Burglary

Your Case Is Our Mission

Goldsboro Burglary Attorney

Experienced and Informed Legal Representation for Your Defense

Have you been accused of or arrested for burglary? Strickland Agner Pittman is here to defend you. We will provide the experienced and informed legal representation you deserve to obtain as favorable an outcome as possible. Burglary crimes are felonies that carry months to years in prison, and our burglary lawyers understand how important it is to fight all the way to the end. We will explain all your legal options to you and help you make an informed decision about your future as a defendant, whether you have been accused of burglary or a lesser crime of breaking and entering.


Learn more about your defense options in an initial consultation with Strickland Agner Pittman.


What Is the Legal Definition of Burglary in North Carolina?

In North Carolina, burglary, also called home invasion, is the crime of forcibly entering someone’s house (i.e., breaking and entering) with the intent of committing a crime. Crimes often associated with burglary are breaking and entering and trespassing. Legally speaking, a crime of burglary occurs as soon as the defendant enters a building or vehicle with the illicit intent to commit a crime, even if the intended felony or theft never actually occurs.

"Breaking and entering" refers to using any amount of force to enter a building without permission, including simply opening an unlocked door. Burglary is typically punished more severely as a first degree burglary if the dwelling is occupied, but it can be charged as second degree burglary if the dwelling is not occupied.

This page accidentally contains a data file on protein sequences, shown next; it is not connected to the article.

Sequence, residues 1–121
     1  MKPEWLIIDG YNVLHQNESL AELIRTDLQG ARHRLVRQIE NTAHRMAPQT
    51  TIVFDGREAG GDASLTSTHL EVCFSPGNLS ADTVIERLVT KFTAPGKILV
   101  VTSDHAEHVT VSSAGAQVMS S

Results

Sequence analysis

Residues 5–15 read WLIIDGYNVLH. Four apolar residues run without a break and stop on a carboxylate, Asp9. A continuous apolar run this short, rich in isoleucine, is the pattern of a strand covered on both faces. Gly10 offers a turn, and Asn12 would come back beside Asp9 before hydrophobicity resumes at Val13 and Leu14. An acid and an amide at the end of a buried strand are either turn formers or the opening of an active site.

Breaking and entering buildings other than homes with the intent to commit a felony or terrorize an inhabitant is considered "felonious breaking and entering,” such as entering a warehouse to steal from it.

It is also a crime in North Carolina to possess tools that force entry into buildings or vehicles. For instance, it may be a crime to possess, without good reason, a lock pick or key that facilitated breaking into a building. 

Criminal Penalties for Crimes of Burglary

Burglary crimes are penalized based on the severity of the offense:

  • First degree burglary: Class D felony punishable by 38-160 months in prison
  • Burglary with explosives: Class D felony punishable by 38-160 months in prison
  • Second degree burglary: Class G felony punishable by 8-31 months in prison
  • Burglary of a vehicle: Class I felony punishable by 3-12 months in prison

Breaking and entering crimes are punishable based on the type of building. For instance, breaking and entering a place of worship is a Class G felony, while standard crimes of breaking and entering are generally Class 1 misdemeanors punishable by up to 120 days in jail and some amount in fines. Breaking and entering a building to commit a crime or cause injury or terror is charged as a Class H felony punishable by 4-25 months' imprisonment. 

Offenders who have prior offenses for felony burglary or breaking and entering will face enhanced penalties no matter the circumstances of the offense, typically a sentence of at least 15-36 months in prison. 


Schedule an initial consultation with our burglary lawyers at Strickland Agner Pittman to get started today.


 

Get Started With Strickland Agner Pittman Today

If you have been accused of burglary or breaking and entering, our defense attorneys at Strickland Agner Pittman are here to help. We can take a detailed look at your case to identify strong points of defense we can build out. We are committed to defending the wrongly accused, and you can count on us to provide rigorous and respectful representation as we fight for your defense.